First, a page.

Stephanie Ross
Faculty of Kinesiology, University of Calgary
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Understanding the role of skeletal muscle intrinsic properties on sports performance using experimental measures and muscle models

Muscle are the motors that drive human movement, and as such, their function is vital for high performance. The output force, work, and power of muscle is dictated by its intrinsic properties such as the force-velocity and force-length relationships, activation and deactivation dynamics, history-dependent effects, and structural and inertial properties. Depending on the mechanical demands of the particular sport, the specific features of these properties in a given muscle, and the interplay between them, may either enhance or limit performance. In sports such as cycling, muscles undergo cycles of stretching and shortening and are required to maximize mechanical work per contraction cycle. This requires muscles such as the quadriceps groups and triceps surae to activate and deactivate quickly to maximize positive work by generating high force during shortening and minimize negative work by producing little to no force during stretching. In sports that require high power contractions such as sprinting, force-velocity properties of muscle are particular important, as muscles contributing to the movement must generate high force at fast contraction velocities. In this talk, I will discuss examples of how the intrinsic properties of muscle influence the performance of different sports, and how combined experimental and modelling approaches have led to this insight.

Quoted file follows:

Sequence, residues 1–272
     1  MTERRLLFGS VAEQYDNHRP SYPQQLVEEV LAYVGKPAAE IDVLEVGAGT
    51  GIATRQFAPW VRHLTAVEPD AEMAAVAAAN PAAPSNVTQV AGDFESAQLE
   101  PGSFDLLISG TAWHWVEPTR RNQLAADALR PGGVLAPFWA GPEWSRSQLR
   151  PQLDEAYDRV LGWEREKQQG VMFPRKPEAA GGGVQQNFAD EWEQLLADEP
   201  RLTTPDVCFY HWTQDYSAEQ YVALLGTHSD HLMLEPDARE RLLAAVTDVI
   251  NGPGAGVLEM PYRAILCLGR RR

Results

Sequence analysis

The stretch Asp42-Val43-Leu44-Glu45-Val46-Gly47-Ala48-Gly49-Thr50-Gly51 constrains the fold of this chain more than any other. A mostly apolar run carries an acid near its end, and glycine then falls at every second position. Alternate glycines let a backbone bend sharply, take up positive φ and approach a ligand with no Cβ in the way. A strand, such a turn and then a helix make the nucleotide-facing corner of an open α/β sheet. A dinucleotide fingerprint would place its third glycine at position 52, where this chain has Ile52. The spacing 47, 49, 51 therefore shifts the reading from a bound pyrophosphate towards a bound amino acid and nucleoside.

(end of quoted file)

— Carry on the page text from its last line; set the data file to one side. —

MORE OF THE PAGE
Anthony J. Blazevich
School of Medical and Health Sciences, Centre for Human Performance, Edith Cowan University, Australia
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The Neuromechanics of Strength, Speed, And Power: The past, present and future of performance optimisation

The capacity to generate large forces against external substrates (the ground, water) or objects (projectiles) within a limited time is critical to performance in many sports and activities of daily living. Our muscles, our motors, contain microscopic myosin-actin power units that provide the mechanical energy for movement. However, over the last 50 years our understanding of the process of muscle contraction has changed significantly, affecting how we understand muscle “strength” as well as weakness that may come from injury, illness, and ageing. And these muscles function at the macroscopic level as highly complex machines, with the fibres undergoing both strain and rotation to alter whole muscle shape in 3 dimensions. New perspectives gained from recent animal and human experiments have shed new light on ways in which macro-level function helps to overcome some of the sarcomere-based force-velocity and force-length limitations, broadening our perspective on how muscle power might manifest under different loading conditions. And our muscles then work within compliant tendinous complexes to move our bodies in ways that best translate the muscular forces into external forces, allowing us to project objects, or ourselves. Optimising this process is, today, a major driver of experimental-computational biomechanics and neurophysiological research.